What's New in General Internal Medicine?

The latest Update in General Internal Medicine is published in the Annals of Internal Medicine (PDFs free after 6 months). While the whole text is spread over 11 pages, I would like to summarize just a few things I found useful. Recommendations are divided in 3 groups: "start", "consider" and "stop."


Start

Start prescribing a high-dose statin (Lipitor 80 mg po qd) for patients with CAD.
I am not so sure about prescribing the high dose if you can achieve a significant LDL and CRP reduction with a lower statin dose.

Start U/S screening for AAA in male smokers aged 65 to 73.
It took us such a long time to realize that U/S screening saves lives in AAA patients...

Start considering seriously MRSA in skin/soft tissue infections, and consider Vancomycin treatment according to local guidelines.


Consider

Consider referring eligible patients with CHF for AICD.

Consider once-daily Spiriva (tiotropium) in COPD patients.


Stop

Stop prescribing high-dose vitamin E. In a large study of 130,000 patients, vitamin E use was associated with increased mortality.

Stop prescribing cholinesterase inhibitors (Aricept) routinely in dementia. These drug are at best marginally effective and can cause significant adverse effects. Memantine (Namenda) is still considered helpful, at least until newer studies show that it may not be...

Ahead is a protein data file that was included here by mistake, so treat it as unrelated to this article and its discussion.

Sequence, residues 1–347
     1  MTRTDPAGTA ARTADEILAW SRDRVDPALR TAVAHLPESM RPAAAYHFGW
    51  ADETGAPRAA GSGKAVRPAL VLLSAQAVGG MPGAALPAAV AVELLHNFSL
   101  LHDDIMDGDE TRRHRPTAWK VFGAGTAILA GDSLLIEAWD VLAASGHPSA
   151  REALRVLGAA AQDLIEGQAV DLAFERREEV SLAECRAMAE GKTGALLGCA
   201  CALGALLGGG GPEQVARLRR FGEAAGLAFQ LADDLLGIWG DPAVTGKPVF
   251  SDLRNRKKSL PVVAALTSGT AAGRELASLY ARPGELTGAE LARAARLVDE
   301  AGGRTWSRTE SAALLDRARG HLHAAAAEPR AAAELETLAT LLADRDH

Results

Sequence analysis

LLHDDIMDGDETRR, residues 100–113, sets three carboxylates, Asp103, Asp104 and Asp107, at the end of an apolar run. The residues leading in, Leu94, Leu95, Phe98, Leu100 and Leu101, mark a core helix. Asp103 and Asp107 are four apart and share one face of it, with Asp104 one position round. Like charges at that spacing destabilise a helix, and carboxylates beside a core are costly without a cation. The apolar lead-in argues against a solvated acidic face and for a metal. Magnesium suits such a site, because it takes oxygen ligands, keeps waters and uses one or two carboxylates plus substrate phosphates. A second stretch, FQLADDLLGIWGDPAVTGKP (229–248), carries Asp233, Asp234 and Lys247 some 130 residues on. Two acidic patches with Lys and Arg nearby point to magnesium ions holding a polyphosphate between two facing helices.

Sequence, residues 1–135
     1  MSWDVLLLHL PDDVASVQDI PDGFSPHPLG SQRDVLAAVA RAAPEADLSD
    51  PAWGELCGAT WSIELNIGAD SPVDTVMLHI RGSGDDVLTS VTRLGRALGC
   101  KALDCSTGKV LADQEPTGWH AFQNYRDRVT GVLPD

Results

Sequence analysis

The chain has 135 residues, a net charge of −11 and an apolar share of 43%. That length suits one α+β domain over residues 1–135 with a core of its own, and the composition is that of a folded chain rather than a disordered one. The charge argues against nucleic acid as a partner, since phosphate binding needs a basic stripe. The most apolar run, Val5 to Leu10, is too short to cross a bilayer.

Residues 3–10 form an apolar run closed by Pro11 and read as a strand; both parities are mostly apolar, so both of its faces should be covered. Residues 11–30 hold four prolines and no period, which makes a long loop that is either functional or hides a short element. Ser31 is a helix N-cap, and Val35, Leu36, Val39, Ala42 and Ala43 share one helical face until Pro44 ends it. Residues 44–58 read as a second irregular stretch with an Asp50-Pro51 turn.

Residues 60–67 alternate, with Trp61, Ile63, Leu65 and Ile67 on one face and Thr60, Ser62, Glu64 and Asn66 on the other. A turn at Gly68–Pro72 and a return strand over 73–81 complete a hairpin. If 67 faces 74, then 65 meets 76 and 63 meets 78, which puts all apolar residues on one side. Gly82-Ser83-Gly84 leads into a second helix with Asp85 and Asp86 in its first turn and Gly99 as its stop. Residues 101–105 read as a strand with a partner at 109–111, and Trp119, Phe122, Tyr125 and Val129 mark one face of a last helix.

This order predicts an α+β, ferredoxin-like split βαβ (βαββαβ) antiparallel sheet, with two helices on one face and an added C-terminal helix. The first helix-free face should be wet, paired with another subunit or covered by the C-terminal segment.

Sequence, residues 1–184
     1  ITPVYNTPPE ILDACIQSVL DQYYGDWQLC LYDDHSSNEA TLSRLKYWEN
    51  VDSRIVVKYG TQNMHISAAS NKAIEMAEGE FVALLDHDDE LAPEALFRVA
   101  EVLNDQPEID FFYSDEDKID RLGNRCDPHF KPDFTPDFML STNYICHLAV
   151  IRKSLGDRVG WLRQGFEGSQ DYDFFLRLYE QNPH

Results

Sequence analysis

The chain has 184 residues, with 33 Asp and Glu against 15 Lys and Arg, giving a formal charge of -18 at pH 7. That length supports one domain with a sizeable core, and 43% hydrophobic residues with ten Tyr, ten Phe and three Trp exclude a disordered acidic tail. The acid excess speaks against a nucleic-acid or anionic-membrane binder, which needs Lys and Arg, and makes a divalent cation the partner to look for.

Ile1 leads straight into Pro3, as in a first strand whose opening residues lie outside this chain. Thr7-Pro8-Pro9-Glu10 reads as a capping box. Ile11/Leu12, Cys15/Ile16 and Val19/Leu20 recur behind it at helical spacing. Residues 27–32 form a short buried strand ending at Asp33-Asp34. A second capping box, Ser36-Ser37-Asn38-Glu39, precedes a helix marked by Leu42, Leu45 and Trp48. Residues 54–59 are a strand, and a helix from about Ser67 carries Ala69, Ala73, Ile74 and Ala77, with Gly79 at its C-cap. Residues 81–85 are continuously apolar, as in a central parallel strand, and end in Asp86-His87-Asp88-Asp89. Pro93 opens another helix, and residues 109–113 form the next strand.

Stop prescribing beta-blockers for:
- low-risk patients in the perioperative period. Patients with RCRI > 3, may still benefit from a beta-blocker.
- first-line HTN treatment. Beta-blockers increase the risk for development of DM2 and offer less protection against stroke than CCB and ACEi.


Up-To-Date also publishes regular updates in different medical specailties in the section "What's New" (paid subscription required).


References:
Update in General Internal Medicine. Christopher L. Knight, MD, and Stephan D. Fihn, MD, MPH. Annals of Internal Medicine, 7/2006. Paid subscription required (PDFs free after 6 months).

Perioperative beta blockers may not benefit patients with diabetes (if not used properly)

Norvasc plus ACEi much better than Atenolol plus HCTZ

Images source: Openclipart.org, public domain.

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